Recent moves could result in reduced sentences for nonviolent drug offenders.
A state commission recently finished its report on reforming the Utah State Prison system, according to the Salt Lake Tribune. The report includes a number of recommendations, which will be voted on by lawmakers in January, for reducing both the prison population and recidivism rates. The recommendations specifically target reforming drug crime sentences and follows similar recommendations on the federal level that could lead to thousands of nonviolent offenders receiving reduced sentences.
Stopping the revolving door
The Commission on Criminal and Juvenile Justice (CCJJ) sought to end what it described as Utah’s “revolving-door” prison system, whereby nonviolent offenders are released from prison only to return again soon after, often for minor parole violations. The CCJJ, in its report to the governor, recommended focusing instead on treatment programs, such as rehabilitation services. Additionally, the report says people who violate their paroles due to minor violations should be sent to jail instead of prison.
Most significantly, the report recommends reclassifying a number of drug sentences. Simple drug possession, which is currently a third-degree felony, would be reclassified as a class A misdemeanor. Commercial drug offenses, currently classified as second-degree felonies, would likewise be reduced to third-degree felonies.
Utah lawmakers will vote in January on whether to accept the CCJJ’s recommendations. In the meanwhile, the federal U.S. Sentencing Commission has been taking similar moves to reduce the federal prison population. This summer, the commission approved a plan to retroactively reduce the sentences of over 46,000 federal inmates, according to USA Today.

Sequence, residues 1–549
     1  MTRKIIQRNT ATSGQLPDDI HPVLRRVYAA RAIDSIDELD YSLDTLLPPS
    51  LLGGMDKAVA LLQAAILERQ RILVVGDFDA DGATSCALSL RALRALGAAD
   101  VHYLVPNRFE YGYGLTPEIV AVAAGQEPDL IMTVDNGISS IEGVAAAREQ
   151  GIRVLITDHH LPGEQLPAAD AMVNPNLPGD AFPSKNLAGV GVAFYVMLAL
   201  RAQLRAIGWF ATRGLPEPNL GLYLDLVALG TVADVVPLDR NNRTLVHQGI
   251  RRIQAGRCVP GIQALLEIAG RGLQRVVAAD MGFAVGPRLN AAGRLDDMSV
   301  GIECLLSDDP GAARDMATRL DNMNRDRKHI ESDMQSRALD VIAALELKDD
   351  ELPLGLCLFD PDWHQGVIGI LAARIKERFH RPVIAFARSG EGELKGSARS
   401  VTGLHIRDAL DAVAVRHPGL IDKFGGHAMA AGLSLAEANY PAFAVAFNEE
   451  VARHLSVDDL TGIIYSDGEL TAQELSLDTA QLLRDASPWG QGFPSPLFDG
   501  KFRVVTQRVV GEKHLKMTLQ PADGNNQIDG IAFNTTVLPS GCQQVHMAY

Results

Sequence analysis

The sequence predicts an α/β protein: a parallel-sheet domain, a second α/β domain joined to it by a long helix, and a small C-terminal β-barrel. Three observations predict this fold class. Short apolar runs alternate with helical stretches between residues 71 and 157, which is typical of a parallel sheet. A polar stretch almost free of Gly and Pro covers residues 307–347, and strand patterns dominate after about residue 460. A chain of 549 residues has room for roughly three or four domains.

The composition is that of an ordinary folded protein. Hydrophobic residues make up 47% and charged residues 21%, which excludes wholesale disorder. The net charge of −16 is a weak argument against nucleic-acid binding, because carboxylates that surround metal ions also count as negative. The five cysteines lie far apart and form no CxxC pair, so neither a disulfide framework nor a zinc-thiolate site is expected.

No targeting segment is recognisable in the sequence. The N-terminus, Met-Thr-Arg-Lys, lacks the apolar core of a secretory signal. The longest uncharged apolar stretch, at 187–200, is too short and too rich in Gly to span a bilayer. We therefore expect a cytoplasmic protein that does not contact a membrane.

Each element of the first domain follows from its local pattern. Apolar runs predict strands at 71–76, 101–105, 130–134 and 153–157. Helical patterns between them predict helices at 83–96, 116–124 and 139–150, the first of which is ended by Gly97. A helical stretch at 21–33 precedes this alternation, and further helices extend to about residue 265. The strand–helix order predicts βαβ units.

The plan applies to nonviolent drug offenders, who were able to apply for judicial review of their sentences beginning in November although the first early releases would not begin until Nov. 2015. The moves by state and federal officials to reduce their respective prison populations, which has broad bipartisan support, are being driven both by a desire to save taxpayers’ money and an acknowledgement that tough mandatory minimum sentences have failed to reduce drug use.
Charged with a drug crime
Although there are plenty of indicators that the “tough-on-crime” mentality of the past few decades is beginning to waver, people who have been charged with a drug crime should not assume that they will therefore be treated leniently by a court. Tough penalties, including mandatory minimum sentences, are still in place for many drug crimes.
Being charged and convicted of a drug crime can seriously affect a person’s quality of life. Not only do offenders face prison time, but their criminal record could make it difficult to find work and earn a livelihood even after they have served their time. Anybody facing such charges needs to talk with an experienced criminal defense attorney who can provide the advice defendants need when fighting a criminal charge.